To my greatest pleasure, when I was doing my thesis and almost done with all of my Masters of Global Health degree courses, I presented two abstracts at the World Confederation for Physical Therapy (WCPT, now World Physiotherapy) Congress in Geneva. One was my thesis of masters, and the other was titled “Exploring the use of an interactive web-based platform to improve access to physiotherapy services delivery in Rwanda.” It is a great honour that I made it there and completed my task as a presenter. I am grateful that I met intellectually-oriented worldwide physiotherapy peers, like Jennifer Allen, who challenged me to learn new things and shared her experiences with me. I profoundly thank Professor Maureen Pascal from the USA, the Government of Rwanda, and Misericordia University, located at Dallas-USA, for tremendously supporting me to participate in the WCPT Congress 2019.
Coming back to Rwanda with a proactive spirit, I convinced my colleagues to start a project of physiotherapy home-based care. To best accomplish the task, we officially launched a website to facilitate the bookings of appointments with ease. Unfortunately, due to the pandemic of COVID-19 and insufficient resources, we did not start with the project as we had planned, but we intend to proceed as soon as we get an opportunity to do so.
As days go by, I find myself longingly engaged in more research. If I get the opportunity, I intend to carry on and get a PhD, which will equip me with more knowledge. I am delighted to contribute to the global health sector and I sincerely desire to broaden my contribution towards the most vulnerable people wherever I am.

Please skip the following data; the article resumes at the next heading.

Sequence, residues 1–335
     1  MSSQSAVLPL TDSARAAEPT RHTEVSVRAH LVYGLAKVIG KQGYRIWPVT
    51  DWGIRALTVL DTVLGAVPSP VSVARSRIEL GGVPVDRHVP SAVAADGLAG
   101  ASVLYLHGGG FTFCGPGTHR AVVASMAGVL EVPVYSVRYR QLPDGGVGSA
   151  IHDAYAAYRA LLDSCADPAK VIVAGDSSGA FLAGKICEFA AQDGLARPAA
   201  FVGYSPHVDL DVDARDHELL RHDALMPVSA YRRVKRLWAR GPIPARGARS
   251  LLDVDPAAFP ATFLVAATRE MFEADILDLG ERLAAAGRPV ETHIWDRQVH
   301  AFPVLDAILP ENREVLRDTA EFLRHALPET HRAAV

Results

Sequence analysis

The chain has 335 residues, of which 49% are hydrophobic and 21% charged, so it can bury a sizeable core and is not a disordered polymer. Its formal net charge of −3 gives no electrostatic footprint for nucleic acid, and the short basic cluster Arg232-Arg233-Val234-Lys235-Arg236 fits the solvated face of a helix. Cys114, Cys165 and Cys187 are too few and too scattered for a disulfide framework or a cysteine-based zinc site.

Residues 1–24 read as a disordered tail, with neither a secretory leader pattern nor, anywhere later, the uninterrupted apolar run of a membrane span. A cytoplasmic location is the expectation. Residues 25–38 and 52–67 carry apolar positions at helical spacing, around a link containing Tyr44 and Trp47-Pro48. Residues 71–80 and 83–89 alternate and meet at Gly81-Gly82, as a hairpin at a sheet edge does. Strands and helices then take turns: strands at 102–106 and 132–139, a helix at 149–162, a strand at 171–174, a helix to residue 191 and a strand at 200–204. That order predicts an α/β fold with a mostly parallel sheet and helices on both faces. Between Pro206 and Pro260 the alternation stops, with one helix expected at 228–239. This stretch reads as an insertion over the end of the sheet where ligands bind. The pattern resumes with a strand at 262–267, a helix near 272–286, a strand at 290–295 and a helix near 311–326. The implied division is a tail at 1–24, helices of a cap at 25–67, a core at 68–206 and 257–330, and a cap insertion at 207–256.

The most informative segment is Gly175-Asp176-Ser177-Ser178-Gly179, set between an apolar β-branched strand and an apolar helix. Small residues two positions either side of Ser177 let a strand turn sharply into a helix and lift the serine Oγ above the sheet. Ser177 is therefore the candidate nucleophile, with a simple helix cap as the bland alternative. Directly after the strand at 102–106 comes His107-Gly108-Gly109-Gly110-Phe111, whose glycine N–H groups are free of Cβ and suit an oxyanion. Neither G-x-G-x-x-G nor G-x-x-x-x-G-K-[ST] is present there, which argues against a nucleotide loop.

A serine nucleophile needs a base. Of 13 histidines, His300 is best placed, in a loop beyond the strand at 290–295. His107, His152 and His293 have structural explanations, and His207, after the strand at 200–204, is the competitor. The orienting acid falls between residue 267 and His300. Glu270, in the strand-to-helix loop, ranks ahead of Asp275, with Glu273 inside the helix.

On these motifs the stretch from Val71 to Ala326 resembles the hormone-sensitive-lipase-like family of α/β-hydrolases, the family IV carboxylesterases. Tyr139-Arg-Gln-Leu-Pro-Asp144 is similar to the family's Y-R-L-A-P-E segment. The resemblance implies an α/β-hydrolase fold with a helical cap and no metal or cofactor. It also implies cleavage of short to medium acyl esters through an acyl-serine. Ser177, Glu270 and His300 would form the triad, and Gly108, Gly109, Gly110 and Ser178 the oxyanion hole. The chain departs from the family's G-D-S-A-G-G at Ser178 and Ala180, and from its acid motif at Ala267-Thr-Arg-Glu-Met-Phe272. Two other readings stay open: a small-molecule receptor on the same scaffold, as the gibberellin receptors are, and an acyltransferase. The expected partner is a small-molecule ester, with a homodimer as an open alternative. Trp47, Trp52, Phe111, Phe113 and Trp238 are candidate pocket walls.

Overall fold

Auguste Birori, BScPT, MPH, MSc Global Health
Helico Health CEO (Physiotherapy Home Care Services)
Certified in Spinal Cord Injury Management
Certified in Clubfoot Management using the Ponseti Method
Auguste Birori holds a Bachelor of Science degree in Physiotherapy (Honours) and a Master’s Degree in Global Health. He is a licensed, recognized physiotherapist with six years of experience in different health facilities and NGOs, such as KIBAGABAGA Hospital (2014-2018); Rwanda Palliative Care and Hospice Organization (RPCHO) (2016-2017); ORIKIDE Clinic (2017-2018, part-time); Handicap International (2017-2019) as a Community Disability Worker and an Inclusion officer in a refugee camp in Rwanda; and Prison Fellowship Rwanda (2020-2021) as a Community-Based Protection officer. He is currently working for UNHCR as a Protection Associate in a Refugee camp in Rwanda. Auguste Birori has seen a variety of patients, including those with orthopaedic and neurological conditions, and he has been featured on various TV shows for awareness and education. Auguste completed his Master’s degree in Global Health in December 2018 in order to achieve a broader reach, respond to the complex health challenges of the world, and underline global health issues and the various strategies required to tackle them, including disease surveillance, health systems management, and individual and population-based interventions.